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Shot in the Dark: International Law of Targeting in Theory and State Practice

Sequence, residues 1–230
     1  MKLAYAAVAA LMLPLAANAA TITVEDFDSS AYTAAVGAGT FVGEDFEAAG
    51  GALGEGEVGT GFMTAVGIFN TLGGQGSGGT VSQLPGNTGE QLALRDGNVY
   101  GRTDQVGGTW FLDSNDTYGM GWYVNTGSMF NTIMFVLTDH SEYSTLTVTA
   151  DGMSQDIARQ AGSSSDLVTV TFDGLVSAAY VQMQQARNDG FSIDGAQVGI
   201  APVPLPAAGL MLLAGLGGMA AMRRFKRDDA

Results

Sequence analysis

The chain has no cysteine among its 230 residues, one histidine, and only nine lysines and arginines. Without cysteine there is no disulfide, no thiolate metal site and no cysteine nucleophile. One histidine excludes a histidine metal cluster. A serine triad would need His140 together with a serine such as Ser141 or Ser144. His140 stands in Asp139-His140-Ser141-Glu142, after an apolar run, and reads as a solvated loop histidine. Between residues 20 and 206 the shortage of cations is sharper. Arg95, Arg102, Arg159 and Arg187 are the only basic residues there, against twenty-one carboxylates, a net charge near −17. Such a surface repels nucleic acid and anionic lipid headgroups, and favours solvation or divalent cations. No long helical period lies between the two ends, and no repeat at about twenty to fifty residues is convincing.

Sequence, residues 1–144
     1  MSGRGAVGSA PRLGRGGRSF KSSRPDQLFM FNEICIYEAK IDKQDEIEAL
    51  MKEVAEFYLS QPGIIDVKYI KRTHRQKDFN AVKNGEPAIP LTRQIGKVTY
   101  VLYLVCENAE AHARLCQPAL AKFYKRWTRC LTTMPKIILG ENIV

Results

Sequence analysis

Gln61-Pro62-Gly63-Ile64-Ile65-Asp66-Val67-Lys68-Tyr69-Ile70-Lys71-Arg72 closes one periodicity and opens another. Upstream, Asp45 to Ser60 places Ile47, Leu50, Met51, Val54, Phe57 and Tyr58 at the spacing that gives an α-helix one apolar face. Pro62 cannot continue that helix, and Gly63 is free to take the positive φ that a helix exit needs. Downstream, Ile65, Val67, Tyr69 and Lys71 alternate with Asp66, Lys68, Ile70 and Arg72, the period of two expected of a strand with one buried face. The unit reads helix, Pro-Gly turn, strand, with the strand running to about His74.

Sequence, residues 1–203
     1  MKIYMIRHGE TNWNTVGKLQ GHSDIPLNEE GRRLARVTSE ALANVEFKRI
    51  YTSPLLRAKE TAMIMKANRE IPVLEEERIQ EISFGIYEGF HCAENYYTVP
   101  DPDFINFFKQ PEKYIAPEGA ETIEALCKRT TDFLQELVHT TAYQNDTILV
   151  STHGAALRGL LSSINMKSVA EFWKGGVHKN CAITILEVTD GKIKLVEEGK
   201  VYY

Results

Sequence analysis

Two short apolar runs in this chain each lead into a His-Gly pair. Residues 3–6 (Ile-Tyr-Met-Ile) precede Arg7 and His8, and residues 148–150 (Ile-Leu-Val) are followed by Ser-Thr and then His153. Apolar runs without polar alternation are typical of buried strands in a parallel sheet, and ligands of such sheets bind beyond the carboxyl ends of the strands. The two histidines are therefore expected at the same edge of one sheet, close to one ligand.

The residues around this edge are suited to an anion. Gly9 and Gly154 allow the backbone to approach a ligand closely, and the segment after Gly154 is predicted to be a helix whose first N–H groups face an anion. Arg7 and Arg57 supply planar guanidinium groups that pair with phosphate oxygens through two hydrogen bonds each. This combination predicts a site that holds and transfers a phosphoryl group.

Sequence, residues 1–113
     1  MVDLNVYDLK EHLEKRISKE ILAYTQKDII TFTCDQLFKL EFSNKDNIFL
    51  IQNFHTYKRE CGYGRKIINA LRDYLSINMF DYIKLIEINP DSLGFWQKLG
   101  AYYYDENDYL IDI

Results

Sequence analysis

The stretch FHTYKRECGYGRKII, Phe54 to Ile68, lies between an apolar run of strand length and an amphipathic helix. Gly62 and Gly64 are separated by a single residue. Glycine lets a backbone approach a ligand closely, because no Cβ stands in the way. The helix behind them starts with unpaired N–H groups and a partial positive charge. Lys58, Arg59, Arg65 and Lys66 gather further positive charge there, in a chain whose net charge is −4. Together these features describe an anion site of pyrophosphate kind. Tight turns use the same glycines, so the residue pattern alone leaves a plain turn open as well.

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The article explores a sub-branch of the international law of armed conflict, generally referred to as international law of targeting, which regulates the choice of targets that can be lawfully attacked, and the means and methods of an attack. It analyzes the two pillars on which the current international legal regulation rests, namely the concept of military objective and proportionality in attack, as they are interpreted in theory and applied by states in actual combat. Special attention is also paid to the case law of the International Criminal Tribunal for the Former Yugoslavia which is the only international court that has repeatedly dealt with targeting. A separate chapter also assesses the prevailing view in the military doctrine which is thus separated from the actual state behaviour in war. After examining the differing opinions of international law scholars, rulings of the Yugoslav Tribunal, military doctrine and state practice, the article concludes that despite criticism and different interpretations, the current international law of targeting keeps proving to be realistic and viable in contemporary armed conflicts. It argues that those accusing states of violations, rather often tend to forget, that war inevitably entails suffering and that the purpose of the law of armed conflict is not to make warfare impossible, but rather to mitigate suffering and other negative impacts.


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